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Speakers With Spark: World peace, please

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Column by Susan Rider

Sitting at an airport this last month in Newark, New Jersey, I met a very interesting person who was a Buddhist. We were chatting and she shared a chant for world peace and individual happiness.

She said if you want peace in the world, first you must find peace within. After just getting caught up on tragic global news, her thought was a refreshing one.

Many people are looking for their life’s purpose or the purpose for events and happenings. Wondering why, what if? There may never be an answer or a peace from some events in the past. But there always is a promise of tomorrow and finding the bridge from the hurt of the past to the promise of tomorrow is the real challenge.

Knowing that tomorrow is never promised or guaranteed may bring gentle awareness to cherish the now and live each day as if it was your last. I’ve heard this saying all of my life, but not until several years ago did the meaning really sink in and alter the way I lived my life.

There are so many wise sayings one must wonder if we only heeded the advice given from others if it would pave an easier path in our lives today.

When you’re younger, it seems you’re not always as open to advice and want to find your way on your own. Parents strive to help their children “see” and choose the right path to avoid some bumps and bruises. Many times, the advice falls on deaf ears and the child chooses to explore and discern the right or wrong path on their own.

The parent feels helpless and useless, ultimately coming to the decision that we humans can’t change the thoughts or feelings of any others. We are responsible for our own and when we find peace from within that shows as a shiny example to others seeking joy that peace gives to life.

This interesting, caring lady shared she had lost her daughter in a car crash, leaving behind a 2-year-old daughter of her own. Her solution was to find peace from within knowing her daughter would have wanted only joy for the ones left behind.

“It’s a life-long process and not a one-time event,” she said.

She offered some sage advice: Peace can be found in stillness. Taking a few minutes of stillness will allow more harmony and joy in your life.

Taking a few moments each day to recharge your batteries. “To fuel the oil lamp so that it may burn ever brightly, you must keep filling your lamp,” as Mother Teresa said.

Many times it is in stillness we find our purpose in life. By taking care of yourself, you fuel your lamp. Try taking care of yourself first in order to take better care of the people you love. Many times, wonderful, caring people will give all of their energies to help others to the point of exhaustion. Not doing themselves or others much good.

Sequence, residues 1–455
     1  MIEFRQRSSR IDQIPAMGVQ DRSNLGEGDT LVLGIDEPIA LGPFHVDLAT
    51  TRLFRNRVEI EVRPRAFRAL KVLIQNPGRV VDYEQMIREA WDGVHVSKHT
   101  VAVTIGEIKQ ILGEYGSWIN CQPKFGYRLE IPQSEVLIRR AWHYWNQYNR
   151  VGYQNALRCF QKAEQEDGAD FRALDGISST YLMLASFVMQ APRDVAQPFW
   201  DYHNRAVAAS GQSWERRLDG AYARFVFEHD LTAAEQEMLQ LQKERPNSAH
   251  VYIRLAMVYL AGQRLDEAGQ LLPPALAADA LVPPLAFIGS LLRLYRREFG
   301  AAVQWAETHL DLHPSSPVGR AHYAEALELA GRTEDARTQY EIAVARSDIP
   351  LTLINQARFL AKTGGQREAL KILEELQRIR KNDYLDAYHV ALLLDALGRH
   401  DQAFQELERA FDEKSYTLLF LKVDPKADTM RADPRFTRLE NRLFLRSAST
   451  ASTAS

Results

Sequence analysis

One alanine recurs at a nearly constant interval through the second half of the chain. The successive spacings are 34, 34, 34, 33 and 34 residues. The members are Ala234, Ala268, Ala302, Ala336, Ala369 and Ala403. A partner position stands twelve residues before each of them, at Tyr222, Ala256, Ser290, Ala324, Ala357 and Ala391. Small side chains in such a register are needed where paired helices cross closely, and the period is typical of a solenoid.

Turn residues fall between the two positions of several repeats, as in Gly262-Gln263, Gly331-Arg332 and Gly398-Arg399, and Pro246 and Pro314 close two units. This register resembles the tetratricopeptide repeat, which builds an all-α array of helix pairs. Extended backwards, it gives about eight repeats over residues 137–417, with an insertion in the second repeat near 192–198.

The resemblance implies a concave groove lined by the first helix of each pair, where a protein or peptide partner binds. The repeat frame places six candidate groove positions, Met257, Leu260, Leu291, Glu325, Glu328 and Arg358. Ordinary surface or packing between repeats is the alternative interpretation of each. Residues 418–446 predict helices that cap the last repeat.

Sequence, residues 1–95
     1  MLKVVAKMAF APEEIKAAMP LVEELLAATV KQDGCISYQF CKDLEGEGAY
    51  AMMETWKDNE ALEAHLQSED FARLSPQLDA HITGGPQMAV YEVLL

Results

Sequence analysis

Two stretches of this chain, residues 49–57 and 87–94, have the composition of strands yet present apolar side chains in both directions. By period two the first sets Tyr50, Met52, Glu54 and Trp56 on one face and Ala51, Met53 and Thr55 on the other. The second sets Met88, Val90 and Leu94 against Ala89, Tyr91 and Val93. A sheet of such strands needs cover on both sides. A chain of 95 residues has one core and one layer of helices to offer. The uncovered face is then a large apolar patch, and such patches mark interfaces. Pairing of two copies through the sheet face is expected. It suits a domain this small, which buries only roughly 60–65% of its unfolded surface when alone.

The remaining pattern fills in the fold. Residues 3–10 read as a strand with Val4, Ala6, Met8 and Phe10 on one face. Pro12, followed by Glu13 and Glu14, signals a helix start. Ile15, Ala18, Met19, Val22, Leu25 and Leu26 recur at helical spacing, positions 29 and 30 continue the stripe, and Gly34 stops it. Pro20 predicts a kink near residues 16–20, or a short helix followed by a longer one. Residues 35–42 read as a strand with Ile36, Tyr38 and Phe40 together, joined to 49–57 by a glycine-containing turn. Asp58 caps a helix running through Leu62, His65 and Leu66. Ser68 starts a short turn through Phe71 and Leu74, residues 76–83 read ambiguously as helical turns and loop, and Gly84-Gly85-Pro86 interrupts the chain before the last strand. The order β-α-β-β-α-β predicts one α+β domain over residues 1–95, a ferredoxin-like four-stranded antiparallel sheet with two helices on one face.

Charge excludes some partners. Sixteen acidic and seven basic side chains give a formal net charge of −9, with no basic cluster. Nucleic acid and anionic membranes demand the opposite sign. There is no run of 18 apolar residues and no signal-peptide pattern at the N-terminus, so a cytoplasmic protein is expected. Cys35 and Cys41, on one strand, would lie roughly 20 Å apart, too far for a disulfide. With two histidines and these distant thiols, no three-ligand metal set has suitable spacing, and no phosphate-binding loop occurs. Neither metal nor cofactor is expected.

If you create a habit of giving yourself perpetual care, you also will be fueled and ready to give to others. Keep your body in a harmonious state by doing the things it needs: meditation, exercise, prayer, nature walks, watching the sunsets and sunrises. These things will help fuel your lamp so you continue to burn brightly.

Buddhists believe every person goes through a dark time in life. It is during the dark time they find and discover the meaning of life or their life purpose.

It’s like the lotus flower in a swamp. The swamp is dark, murky and nasty water, but evolving from that water is a beautiful, pure-white lotus flower.

There always are times that will sadden us. We were saddened last month when two beautiful individuals from the same family left our earthy presence. The community responded, strangers near and far responded with love and compassion. There was a heart-to-heart connection that superseded thoughts and actions.

It is times like this when the silver lining becomes the love and care total strangers have for each other.

It makes you wonder that if this compassion and love was ever-present there wouldn’t be any hatred, wars or crime.

This family will never know the true impact these two, beautiful young lives cut short had on people globally. People globally mourned and prayed for this family and the tragedy that changed their lives.

This airport stranger shared with me she believes we are in the beginning of a human revolution where there is tolerance, understanding, openness and love for each other. A beautiful world of coexistence and unity.

As I listened intently, I couldn’t help but hope that what she was saying would come true.

Susan Rider is Speakers with Spark’s Lead Dynamo. She lives in LaRue County.